After Escobar’s death and the fragmentation of the Medellín Cartel, the cocaine market soon became dominated by the rival Cali Cartel, until the mid-1990s when its leaders, too, were either killed or captured by the Colombian government.
The Robin Hood image that he had cultivated continued to have lasting influence in Medellín. Many there, especially many of the city’s poor that had been aided by him while he was alive, mourned his death. About 25,000 were present for his burial.
Virginia Vallejo’s testimony
On July 4, 2006, Virginia Vallejo, a television anchorwoman who was romantically involved with Escobar from 1983 to 1987, offered her testimony in the trial against former Senator Alberto Santofimio, accused of conspiracy in the 1989 assassination of Presidential Candidate Luis Carlos Galán, to the Colombian Attorney General Mario Germán Iguarán Arana. Iguarán acknowledged that, although Vallejo contacted his office on July 4, the judge had decided to close the trial on July 9, several weeks before the prospective closing date and, in (Iguarán’s) opinion, “too soon”.
On July 16, 2006, Vallejo was taken to the United States in a special flight of the Drug Enforcement Administration. According to the American Embassy in Bogotá, this was done for “safety and security reasons” because Vallejo’s cooperation was needed in high-profile criminal cases. On July 24, 2006, a video in which Vallejo accused former Senator Alberto Santofimio of instigating Escobar to eliminate presidential candidate Luis Carlos Galán in her presence was aired on Colombian television. In 2007, Vallejo published her book Amando a Pablo, odiando a Escobar (Loving Pablo, Hating Escobar), where she describes her relationship with the drug lord during the early years of the cocaine boom, and his charity projects for the poor when he was a deputy congressman. She gives her account of Escobar’s relationship with Caribbean governments and dictators and his role in the birth of the M.A.S. (Death to Kidnappers) and Los Extraditables (The Extraditables). Vallejo also gives her account of numerous incidents throughout Escobar’s political and criminal career, such as the assassination of Justice Minister Rodrigo Lara Bonilla in 1984, her lover’s feud with the Cali Cartel and the era of narcoterrorism that began after the couple’s farewell in September 1987.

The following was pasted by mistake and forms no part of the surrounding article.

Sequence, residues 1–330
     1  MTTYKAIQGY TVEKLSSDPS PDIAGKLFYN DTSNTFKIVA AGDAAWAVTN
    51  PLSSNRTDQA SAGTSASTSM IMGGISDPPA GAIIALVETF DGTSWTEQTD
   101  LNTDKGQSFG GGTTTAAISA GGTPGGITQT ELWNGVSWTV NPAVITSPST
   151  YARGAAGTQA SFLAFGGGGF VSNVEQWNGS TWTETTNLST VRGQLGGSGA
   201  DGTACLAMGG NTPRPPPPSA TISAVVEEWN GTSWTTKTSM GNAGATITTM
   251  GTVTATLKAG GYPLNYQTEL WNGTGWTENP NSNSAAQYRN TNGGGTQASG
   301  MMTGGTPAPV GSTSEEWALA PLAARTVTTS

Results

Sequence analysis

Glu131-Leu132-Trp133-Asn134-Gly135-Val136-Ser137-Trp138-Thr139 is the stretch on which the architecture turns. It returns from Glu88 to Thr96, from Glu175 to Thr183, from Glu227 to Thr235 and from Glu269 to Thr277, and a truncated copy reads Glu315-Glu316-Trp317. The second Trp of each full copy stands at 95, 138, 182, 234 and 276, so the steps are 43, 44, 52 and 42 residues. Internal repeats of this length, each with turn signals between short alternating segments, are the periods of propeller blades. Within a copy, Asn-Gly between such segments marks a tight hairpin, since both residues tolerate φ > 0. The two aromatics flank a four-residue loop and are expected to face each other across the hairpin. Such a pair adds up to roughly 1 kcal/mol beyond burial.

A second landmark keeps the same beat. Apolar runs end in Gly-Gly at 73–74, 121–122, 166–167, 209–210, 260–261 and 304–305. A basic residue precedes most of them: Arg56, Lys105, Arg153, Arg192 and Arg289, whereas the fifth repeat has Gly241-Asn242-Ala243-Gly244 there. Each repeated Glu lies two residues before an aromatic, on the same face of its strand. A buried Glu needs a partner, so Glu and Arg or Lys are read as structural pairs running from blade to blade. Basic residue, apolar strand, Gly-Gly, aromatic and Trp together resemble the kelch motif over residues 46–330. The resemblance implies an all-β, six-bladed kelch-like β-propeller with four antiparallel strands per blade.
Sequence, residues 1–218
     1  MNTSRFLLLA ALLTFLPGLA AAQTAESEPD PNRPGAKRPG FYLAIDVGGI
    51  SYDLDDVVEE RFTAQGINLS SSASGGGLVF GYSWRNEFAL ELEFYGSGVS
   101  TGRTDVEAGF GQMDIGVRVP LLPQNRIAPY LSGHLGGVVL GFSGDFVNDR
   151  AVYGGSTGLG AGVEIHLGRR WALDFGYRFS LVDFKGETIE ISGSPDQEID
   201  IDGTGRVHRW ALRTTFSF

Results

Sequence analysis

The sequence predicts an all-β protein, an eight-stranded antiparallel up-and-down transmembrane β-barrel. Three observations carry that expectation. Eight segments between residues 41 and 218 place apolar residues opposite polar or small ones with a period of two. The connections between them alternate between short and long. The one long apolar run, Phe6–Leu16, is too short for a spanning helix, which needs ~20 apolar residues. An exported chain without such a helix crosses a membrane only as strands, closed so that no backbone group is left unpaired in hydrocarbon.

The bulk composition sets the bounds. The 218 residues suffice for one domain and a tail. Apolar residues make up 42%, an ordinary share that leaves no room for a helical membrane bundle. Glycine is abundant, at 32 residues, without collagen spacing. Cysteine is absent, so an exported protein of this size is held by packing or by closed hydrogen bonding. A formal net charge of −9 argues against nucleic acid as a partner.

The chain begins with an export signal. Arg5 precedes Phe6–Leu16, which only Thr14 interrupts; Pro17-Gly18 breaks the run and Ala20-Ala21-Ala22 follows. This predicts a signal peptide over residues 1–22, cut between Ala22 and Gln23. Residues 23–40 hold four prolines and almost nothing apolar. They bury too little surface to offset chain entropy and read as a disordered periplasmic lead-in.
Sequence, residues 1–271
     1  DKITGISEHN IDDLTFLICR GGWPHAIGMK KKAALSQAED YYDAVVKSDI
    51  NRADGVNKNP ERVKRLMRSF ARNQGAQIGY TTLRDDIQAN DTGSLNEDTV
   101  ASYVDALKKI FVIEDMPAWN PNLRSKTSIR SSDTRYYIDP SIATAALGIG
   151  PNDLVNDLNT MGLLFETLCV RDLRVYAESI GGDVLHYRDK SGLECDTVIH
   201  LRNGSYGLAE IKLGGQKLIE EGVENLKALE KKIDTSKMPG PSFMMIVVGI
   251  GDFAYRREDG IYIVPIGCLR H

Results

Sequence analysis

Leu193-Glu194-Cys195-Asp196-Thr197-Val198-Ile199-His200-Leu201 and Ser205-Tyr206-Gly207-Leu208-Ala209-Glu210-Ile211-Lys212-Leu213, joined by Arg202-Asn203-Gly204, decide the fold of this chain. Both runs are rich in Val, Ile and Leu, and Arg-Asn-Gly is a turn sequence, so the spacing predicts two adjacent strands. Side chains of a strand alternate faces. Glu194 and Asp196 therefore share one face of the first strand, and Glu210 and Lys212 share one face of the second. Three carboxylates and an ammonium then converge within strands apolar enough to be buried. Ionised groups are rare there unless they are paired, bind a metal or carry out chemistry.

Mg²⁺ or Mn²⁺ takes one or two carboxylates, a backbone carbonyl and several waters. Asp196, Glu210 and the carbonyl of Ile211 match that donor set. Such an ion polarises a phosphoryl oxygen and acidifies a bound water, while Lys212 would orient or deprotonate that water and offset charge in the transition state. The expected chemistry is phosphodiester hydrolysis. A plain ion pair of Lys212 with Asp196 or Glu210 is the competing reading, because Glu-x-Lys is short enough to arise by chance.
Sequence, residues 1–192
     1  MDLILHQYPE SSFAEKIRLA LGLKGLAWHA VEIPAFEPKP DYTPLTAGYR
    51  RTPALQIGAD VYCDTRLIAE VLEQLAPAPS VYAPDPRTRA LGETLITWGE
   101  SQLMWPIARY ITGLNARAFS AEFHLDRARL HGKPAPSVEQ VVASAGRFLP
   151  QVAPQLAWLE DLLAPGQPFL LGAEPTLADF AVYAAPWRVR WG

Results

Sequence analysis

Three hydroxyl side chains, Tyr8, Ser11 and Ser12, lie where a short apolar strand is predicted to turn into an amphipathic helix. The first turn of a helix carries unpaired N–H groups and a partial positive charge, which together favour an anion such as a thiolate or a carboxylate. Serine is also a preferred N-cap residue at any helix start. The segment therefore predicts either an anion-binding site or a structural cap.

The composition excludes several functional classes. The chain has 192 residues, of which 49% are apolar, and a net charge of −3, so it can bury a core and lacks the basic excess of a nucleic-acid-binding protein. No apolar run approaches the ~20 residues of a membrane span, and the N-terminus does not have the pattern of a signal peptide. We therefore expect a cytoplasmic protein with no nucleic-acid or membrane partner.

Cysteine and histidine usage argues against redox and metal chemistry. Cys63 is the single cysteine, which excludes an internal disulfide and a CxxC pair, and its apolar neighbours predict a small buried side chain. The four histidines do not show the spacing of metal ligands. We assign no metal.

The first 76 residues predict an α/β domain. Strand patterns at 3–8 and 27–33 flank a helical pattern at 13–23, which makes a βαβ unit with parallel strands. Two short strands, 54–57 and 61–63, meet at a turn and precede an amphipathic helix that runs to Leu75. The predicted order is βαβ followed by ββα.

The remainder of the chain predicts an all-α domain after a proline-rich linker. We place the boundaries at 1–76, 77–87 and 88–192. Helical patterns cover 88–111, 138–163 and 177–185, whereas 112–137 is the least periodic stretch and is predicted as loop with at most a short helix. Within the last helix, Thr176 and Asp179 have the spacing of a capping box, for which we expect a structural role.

Among Escobar’s biographers, only Vallejo has given a detailed explanation of his role in the 1985 Palace of Justice siege and the atrocities that took place before, during and after the tragedy. (“Amando a Pablo, odiando a Escobar”, “Aquel Palacio en llamas”, pages 227–264). The journalist stated that Escobar financed the operation, committed by the rebel M-19 group, but blamed the army for the killings of the Supreme Court Justices and the detained after the coup. In 2008, she was asked to testify in the reopened Palace case, and in 2009 most of the events that she had described in her book and testimonial were confirmed by the Commission of Truth. In 2010 and 2011, a high-ranking former colonel and a former general were sentenced to thirty and thirty-five years in prison for forced disappearance of the detained after the siege.